As expected, WPU filed its lawsuit against the city for its bait and switch tactics over the formerly essential Van Wyck ramps. The NY Daily News has the story:
"Willets Point property and business owners filed a lawsuit yesterday accusing the city of beginning eminent domain proceedings before meeting key environmental mileposts.
It's the first of two legal salvos expected to be launched by Willets Point United in a bid to keep its land and businesses in the gritty industrial zone.
At the center of the suit, filed in Queens Supreme Court, are traffic ramps that were to be built off the Van Wyck Expressway. The ramps were supposed to ease traffic congestion expected with the sweeping redevelopment of the so-called Iron Triangle, near Citi Field."
We say formerly essentially because EDC had argued to anyone who would listen-and in a sworn court affidavit-that the development could not proceed without the ramps to mitigate the traffic: "EDC officials said the first phase of the development would not require the ramps to be built. "We were shocked that the city went back on its promise to the court and to the community that it would not condemn property without approval of the ramps," said Michael Gerrard, one of the lawyers representing Willets Point United. "This project would generate a colossal amount of traffic, and there would be no place to go," he said."
Indeed it will, but the EDC sleight of hand known as a Technical Memo, is making the unsubstantiated case that Phase I will be hunky dory even without ramps-and wants everyone to simply take it at its word without any concomitant review. That calls for the suspension of a whole lot of disbelief.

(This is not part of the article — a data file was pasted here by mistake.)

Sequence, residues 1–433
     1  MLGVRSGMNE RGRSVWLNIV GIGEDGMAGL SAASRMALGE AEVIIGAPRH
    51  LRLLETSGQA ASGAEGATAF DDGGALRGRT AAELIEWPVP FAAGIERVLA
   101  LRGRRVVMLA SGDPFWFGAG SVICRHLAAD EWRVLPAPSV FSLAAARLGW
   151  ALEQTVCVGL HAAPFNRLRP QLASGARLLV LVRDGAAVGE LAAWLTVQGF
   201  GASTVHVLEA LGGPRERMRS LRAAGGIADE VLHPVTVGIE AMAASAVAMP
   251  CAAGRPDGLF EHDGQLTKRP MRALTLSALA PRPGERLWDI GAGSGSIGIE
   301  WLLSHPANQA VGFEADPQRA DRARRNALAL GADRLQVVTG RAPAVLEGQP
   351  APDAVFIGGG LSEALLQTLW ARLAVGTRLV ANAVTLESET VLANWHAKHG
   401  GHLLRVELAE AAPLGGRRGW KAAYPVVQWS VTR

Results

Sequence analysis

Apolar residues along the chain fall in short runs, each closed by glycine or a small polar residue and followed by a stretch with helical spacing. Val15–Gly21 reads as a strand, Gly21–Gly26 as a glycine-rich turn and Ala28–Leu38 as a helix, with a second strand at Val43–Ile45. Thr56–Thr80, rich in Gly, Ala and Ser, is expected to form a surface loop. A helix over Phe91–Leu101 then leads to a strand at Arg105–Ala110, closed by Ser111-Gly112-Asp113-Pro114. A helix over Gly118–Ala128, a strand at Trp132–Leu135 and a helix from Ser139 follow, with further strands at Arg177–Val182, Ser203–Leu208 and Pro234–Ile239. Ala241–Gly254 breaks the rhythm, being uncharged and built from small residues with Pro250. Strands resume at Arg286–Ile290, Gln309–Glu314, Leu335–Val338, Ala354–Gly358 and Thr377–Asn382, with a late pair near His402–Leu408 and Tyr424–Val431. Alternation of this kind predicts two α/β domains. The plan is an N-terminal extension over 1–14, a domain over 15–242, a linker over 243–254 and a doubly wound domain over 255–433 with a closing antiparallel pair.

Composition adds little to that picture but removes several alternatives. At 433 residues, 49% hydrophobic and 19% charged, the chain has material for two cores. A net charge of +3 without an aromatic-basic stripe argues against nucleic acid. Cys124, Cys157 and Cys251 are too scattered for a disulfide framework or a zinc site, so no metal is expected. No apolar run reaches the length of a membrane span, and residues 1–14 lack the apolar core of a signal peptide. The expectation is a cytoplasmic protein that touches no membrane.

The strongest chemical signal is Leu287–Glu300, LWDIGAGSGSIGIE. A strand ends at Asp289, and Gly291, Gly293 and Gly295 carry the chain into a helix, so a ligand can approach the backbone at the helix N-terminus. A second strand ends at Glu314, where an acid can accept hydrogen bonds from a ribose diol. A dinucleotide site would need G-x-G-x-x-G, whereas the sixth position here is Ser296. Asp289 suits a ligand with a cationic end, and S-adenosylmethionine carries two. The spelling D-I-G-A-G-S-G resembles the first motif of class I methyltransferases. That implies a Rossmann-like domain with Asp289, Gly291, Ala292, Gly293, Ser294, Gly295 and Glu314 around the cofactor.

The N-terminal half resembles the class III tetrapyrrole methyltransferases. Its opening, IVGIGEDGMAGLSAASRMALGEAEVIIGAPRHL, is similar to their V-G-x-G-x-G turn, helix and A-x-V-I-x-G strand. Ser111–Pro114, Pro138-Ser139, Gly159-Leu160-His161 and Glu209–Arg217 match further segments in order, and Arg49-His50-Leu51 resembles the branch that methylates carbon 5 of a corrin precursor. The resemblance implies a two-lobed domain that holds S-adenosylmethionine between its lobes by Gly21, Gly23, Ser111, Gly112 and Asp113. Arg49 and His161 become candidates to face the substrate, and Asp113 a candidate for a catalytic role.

The city for its part, however, remains confident: "Julie Wood, a spokeswoman for the EDC, said the city expects to win the legal challenge."We feel confident that we are on strong legal footing and look forward to resolving this matter as quickly as possible so that this project can move forward without further delays," Wood said."
We wonder how strong that footing is-given the public record and the published reports over EDC and NYC DOT's frustration over the regulatory delay on the approval of the formerly essential ramps: "Jerry Antonacci, a property owner and leader of Willets Point United, said the city must follow protocol."They still have to jump through their hoops, and they don't want to do it. If you need approval, you need approval," he said."
What this legal case will dramatize is the extent to which EDC has continued to pursue extra-legal methods in its pursuit of the Willets Point development. This is a Bloomberg legacy project, and some legacy it will be. Conceived in illegality through the hiring of Claire Shulman's LDC, this ends justifies the means agency now seeks to end run the regulations that it itself claimed were necessary preconditions for any eminent domain use.
We should conclude with the comments of Mayor Bloomberg when confronted by the exposure of the illegality of the Shulman hiring. In an interview with the Times Ledger, Emperor Bloomberg famously told his subjects: "These groups are designed to lobby,” Bloomberg continued. “I don’t know if they technically broke the law.”
That friends was the lie on which Mike Bloomberg wants to establish his legacy-and a fitting one it would be considering all of the other fables that have been propagated about his less than stellar accomplishments. But first he has to come through us. And like any good lead off hitter, WPU is going to prove to be one tough out.